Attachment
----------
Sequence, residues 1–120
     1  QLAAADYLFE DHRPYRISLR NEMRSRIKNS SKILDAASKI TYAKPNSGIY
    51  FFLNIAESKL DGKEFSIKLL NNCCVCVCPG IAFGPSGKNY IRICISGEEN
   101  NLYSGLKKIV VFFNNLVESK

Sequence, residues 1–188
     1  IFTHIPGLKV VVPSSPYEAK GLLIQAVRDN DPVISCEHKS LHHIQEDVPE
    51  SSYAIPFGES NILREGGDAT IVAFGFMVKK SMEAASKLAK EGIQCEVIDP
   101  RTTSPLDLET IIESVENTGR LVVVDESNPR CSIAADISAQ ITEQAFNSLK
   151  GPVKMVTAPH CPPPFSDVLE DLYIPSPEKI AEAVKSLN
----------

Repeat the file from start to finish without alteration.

Sequence, residues 1–120
     1  QLAAADYLFE DHRPYRISLR NEMRSRIKNS SKILDAASKI TYAKPNSGIY
    51  FFLNIAESKL DGKEFSIKLL NNCCVCVCPG IAFGPSGKNY IRICISGEEN
   101  NLYSGLKKIV VFFNNLVESK

Sequence, residues 1–188
     1  IFTHIPGLKV VVPSSPYEAK GLLIQAVRDN DPVISCEHKS LHHIQEDVPE
    51  SSYAIPFGES NILREGGDAT IVAFGFMVKK SMEAASKLAK EGIQCEVIDP
   101  RTTSPLDLET IIESVENTGR LVVVDESNPR CSIAADISAQ ITEQAFNSLK
   151  GPVKMVTAPH CPPPFSDVLE DLYIPSPEKI AEAVKSLN